In the next few days London will play host to military experts from around the globe at the world’s largest fully integrated defence and security exhibition, Defence Systems and Equipment International 2009 (DSEi 2009).

Representatives of more than 1,350 companies from 40 countries will gather to display and observe the very latest land, air and sea capabilities at DSEi 2009, and will provide full coverage of the event running from 8 to 11 September.

To get an idea of some of the areas of special interest at this year’s event, has spoken to some of the experts attending. Here, CAE director of marketing communications Chris Stellwag gives some insight into the emerging field of simulation, and just what can be expected at this year’s event. Simulation is a rapidly growing field of technology that will be on show at this year’s event. What advantages can be achieved in today’s defence environment through investing in such technology?

Chris Stellwag: The cost savings from the use of modelling and simulation is considerable. For example, the US Air Force estimates that live training is approximately ten times more costly than simulation-based training. The cost of fuel, detrimental environmental impacts, and significant wear and tear on weapon systems all point to a greater use of simulation and synthetic training.

AT: What global trends in simulation technology do you expect to hear a lot about at this event?

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“The cost savings from the use of modelling and simulation is considerable.”

CS: There is a growing trend and desire for militaries to be able to ‘network’ various simulation systems to conduct joint, multinational training exercises. We expect this trend to continue as militaries require their virtual training systems to help them ‘train like they fight’.

AT: Who stands to benefit the most from simulation technology?

CS: Simulation can be a powerful and effective tool throughout the defence systems life cycle so it is applicable to almost any defence force, but it can be extended too many other disciplines as well.

CAE, for example, established a group called Defence and Professional Services to extend beyond the traditional training focus. Our clients now include research and development, engineering, operational planning, acquisition teams, and fleet managers in the defence, security, energy, mining and emergency management markets.

AT: What do you think will be the next big step for simulation technology? Will it be improved realism or something else entirely?

CS: Realism is consistently improving, which is critical for creating an immersive synthetic environment for those being trained. One of the next big steps, however, will be being able to create the kind of virtual environments and possible scenarios that our warfighters might encounter, very quickly on short notice.

One of our key developments in this area is the common database (CDB), originally developed for US Special Operations Command, which uses standardised synthetic environments that can be updated very quickly to support such requirements.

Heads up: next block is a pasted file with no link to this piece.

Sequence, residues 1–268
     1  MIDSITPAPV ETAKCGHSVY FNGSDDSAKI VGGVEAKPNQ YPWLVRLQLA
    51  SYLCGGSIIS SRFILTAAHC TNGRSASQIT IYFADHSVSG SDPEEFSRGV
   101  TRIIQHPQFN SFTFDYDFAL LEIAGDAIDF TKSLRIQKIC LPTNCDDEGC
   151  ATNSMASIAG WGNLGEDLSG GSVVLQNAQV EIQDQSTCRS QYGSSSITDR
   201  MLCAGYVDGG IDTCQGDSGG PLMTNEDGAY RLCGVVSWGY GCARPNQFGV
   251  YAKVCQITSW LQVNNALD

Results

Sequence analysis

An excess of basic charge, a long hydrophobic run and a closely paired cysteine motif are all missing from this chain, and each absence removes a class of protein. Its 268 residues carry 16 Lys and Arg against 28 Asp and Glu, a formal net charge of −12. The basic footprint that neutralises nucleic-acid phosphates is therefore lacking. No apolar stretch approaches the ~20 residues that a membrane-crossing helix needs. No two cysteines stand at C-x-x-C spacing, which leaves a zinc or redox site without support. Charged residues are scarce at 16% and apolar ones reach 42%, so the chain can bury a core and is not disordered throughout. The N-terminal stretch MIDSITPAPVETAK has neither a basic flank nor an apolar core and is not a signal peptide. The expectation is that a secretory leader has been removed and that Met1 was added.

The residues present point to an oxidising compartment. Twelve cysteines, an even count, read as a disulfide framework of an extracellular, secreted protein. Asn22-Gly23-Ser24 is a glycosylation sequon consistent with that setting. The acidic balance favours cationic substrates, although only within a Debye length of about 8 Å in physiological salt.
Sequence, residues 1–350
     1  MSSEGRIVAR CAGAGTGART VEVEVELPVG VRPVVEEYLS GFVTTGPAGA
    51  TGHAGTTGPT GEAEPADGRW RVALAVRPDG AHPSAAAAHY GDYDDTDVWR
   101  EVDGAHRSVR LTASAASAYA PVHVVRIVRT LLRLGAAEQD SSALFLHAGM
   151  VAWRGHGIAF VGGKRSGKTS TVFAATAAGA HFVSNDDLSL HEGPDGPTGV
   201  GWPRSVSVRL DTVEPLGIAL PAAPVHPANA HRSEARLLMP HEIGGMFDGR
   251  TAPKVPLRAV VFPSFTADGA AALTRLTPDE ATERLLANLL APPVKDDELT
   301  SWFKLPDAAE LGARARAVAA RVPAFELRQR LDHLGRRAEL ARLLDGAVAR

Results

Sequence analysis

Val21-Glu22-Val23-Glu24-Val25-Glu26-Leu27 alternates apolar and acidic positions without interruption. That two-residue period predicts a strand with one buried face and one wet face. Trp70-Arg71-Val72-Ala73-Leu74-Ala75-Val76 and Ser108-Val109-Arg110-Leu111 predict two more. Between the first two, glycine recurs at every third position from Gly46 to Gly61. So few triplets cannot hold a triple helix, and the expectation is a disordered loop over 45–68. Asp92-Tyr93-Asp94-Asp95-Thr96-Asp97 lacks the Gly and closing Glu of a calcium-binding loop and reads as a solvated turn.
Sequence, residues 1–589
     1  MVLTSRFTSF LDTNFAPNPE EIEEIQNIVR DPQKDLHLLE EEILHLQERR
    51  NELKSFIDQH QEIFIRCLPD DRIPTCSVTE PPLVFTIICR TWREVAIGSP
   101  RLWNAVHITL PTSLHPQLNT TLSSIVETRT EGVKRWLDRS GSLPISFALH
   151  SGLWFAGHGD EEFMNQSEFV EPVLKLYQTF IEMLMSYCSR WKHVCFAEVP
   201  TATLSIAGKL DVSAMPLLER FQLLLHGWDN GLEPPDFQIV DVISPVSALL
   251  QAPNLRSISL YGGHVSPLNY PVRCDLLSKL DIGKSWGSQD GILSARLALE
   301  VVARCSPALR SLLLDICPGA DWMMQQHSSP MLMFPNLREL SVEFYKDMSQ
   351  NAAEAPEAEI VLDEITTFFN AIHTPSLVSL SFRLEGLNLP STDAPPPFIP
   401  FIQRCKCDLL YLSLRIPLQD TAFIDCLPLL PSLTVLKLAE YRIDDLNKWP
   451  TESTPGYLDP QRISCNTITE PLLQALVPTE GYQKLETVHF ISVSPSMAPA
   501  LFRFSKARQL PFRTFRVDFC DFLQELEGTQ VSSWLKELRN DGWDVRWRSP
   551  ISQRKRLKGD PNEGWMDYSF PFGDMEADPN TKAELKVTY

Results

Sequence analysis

AT: Has there been much growth in the simulation market over the last few years?

CS: The prospects for simulation in the defence market are very positive and we have certainly seen a great deal of growth. Simulation offers a number of advantages, most notably cost, that simply cannot be ignored in today’s uncertain economic and threat environment.

“There is a growing trend and desire for militaries to be able to ‘network’ various simulation systems.”

AT: Are there any big CAE announcements we can expect at this year’s show?

CS: Recently, we announced that the company will invest up to C$714m in Project Falcon, a research and development programme to expand CAE’s current modelling and simulation technologies, develop new ones and increase the scope of our services.

One development, for example, is an augmented visionics system (AVS), which enables a pilot to take off and land safely, even when visibility outside the cockpit is restricted. We will be conducting meetings during DSEi with several militaries interested in this kind of development.

AT: Can you tell us about some of the technology you will be exhibiting at DSEi 2009?

CS: At DSEi, CAE will highlight some of its land capability experience covering areas such as crew gunnery trainers for armoured vehicles, artillery and joint tactical forward air control trainers, recognition trainers, and command and control trainers. We’ll also use DSEi to demonstrate a training solution for naval commanders, including the action speed tactical trainer, which is used to train naval commanders in combat situations encountered at sea.

AT: What new developments in the field of simulation (land, sea or sky) will be on show?

CS: We will be using DSEi to highlight the T-90 tank training system, which uses a high level of fidelity and realism to efficiently and cost-effectively train the driver, gunner and commander in the use of the armoured vehicle.